Children use different anticipatory control strategies than adults to circumvent an obstacle in the travel path

Exp Brain Res. 2005 Nov;167(1):119-27. doi: 10.1007/s00221-005-0054-6. Epub 2005 Oct 29.


Carrying out the daily activities of work and play requires the ability to integrate available sensory information in order to navigate complex, potentially cluttered, environments. The expression of locomotor adjustment behaviour is still maturing during mid- to late-childhood (Grasso et al. in Neurosci Biobehav Rev 22(4): 533-539, 1998a; McFadyen et al. in Gait Posture 13:7-16, 2001), which raises the question, do children coordinate their body segments differently than adults when circumventing an obstacle in their travel path? Healthy young children (n=5; age 10.3+/-1.5 years) and adults (n=6; age 26.3+/-2.9 years) were asked to walk at their natural pace during unobstructed walking, as well as during the avoidance to the right or left of a cylindrical obstacle located in the travel path 3 m from the initial starting position. Fourteen infrared markers were fixed to participants and tracked using the Optotrak motion analysis system (60 Hz; Northern Digital Inc, Canada). Data analyses included center of mass (COM) clearance from the obstacle, gait speed, angular movement of the head and trunk (yaw, pitch and roll) and medial-lateral (M-L) COM displacement. Onset of change in these variables from unobstructed walking was also calculated as the time from OBS crossing. Although there were no differences in when adults or children altered their M-L COM trajectory, adults reoriented their head and trunk segments at the same time as their COM while children reoriented their head and trunk prior to changing COM direction. A comparison of foot placement data for this task indicated that while adults changed their gait patterns well in advance of obstacle crossing, children initiated M-L adjustments to gait patterns just prior to OBS crossing. Vallis and McFadyen (Exp Brain Res 152 (3):409-414, 2003) indicated that during circumvention of an obstacle, adults coordinate body segments for a single transient change in COM trajectory while maintaining the underlying travel direction. The present data suggest, however, that children partition obstacle avoidance into two tasks, initially steering with proactive movement of the head and trunk segments and finally making adjustments to their gait trajectory, via stride and step width changes, to ensure adequate obstacle clearance just prior to obstacle crossing. This study demonstrates different anticipatory control strategies used by children as compared to adults to circumvent obstacles in the travel path. The different head and trunk anticipatory segmental coordination suggests that children gather visual information differently when circumventing an obstacle in their travel path and are more dependent on visual input to guide their circumvention strategy.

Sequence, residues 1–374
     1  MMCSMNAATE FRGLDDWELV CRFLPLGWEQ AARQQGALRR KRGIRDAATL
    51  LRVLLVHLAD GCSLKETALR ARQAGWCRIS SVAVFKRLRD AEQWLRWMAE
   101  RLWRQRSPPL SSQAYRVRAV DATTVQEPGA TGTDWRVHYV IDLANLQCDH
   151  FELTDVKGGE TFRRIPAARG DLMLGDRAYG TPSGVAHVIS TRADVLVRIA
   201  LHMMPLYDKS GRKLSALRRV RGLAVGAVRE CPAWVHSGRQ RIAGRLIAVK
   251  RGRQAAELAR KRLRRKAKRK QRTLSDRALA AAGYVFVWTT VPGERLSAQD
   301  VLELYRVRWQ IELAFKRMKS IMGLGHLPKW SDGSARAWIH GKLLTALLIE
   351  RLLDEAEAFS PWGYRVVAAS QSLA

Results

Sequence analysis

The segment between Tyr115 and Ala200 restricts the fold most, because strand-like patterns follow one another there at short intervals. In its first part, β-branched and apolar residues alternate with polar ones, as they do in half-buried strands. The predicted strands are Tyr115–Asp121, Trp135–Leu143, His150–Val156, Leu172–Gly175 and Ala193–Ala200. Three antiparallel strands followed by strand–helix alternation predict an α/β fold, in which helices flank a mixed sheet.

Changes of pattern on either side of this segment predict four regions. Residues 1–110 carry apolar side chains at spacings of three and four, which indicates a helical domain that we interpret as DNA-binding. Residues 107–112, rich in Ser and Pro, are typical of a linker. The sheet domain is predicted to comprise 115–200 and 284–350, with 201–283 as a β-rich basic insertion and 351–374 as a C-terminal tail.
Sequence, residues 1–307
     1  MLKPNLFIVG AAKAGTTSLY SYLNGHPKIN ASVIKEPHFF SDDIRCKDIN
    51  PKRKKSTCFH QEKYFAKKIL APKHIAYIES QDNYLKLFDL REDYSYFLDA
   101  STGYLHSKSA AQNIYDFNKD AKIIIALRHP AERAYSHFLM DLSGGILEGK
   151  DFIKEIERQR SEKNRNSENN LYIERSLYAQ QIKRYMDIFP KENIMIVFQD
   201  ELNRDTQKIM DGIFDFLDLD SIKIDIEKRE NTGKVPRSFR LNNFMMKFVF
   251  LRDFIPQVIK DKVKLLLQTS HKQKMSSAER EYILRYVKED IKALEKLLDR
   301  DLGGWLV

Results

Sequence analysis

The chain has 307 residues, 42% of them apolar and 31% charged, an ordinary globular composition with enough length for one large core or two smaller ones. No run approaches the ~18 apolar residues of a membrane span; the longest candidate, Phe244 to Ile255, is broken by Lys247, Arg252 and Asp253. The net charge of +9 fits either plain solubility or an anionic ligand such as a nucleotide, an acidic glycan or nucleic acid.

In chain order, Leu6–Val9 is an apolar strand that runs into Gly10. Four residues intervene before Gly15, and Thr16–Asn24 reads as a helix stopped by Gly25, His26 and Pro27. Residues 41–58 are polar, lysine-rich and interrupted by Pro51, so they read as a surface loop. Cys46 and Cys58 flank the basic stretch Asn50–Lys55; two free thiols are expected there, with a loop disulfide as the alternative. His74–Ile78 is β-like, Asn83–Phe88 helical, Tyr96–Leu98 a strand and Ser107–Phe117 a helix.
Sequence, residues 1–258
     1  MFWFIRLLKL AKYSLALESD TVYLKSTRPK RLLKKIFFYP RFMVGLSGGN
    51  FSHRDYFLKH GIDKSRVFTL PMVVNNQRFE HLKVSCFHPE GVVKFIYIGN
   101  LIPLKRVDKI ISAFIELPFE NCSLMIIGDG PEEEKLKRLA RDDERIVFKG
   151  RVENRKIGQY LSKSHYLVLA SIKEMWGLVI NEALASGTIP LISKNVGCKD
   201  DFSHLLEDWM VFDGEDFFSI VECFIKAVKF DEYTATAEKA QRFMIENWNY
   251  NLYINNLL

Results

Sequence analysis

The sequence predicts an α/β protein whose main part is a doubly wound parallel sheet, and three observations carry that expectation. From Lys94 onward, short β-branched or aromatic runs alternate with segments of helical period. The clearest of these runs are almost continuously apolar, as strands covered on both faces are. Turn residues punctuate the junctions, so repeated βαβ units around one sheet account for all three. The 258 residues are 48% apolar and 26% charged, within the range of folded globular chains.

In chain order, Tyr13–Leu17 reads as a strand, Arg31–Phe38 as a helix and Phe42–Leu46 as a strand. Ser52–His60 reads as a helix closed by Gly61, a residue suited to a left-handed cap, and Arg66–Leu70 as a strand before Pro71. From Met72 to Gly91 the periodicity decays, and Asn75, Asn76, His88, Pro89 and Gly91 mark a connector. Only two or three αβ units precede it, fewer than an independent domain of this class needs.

Publication types

  • Comparative Study
  • Research Support, Non-U.S. Gov't

MeSH terms

  • Adult
  • Age Factors
  • Analysis of Variance
  • Biomechanical Phenomena / methods
  • Child
  • Female
  • Humans
  • Locomotion / physiology*
  • Male
  • Movement / physiology*
  • Orientation / physiology*
  • Postural Balance
  • Posture
  • Psychomotor Performance / physiology*
  • Space Perception / physiology*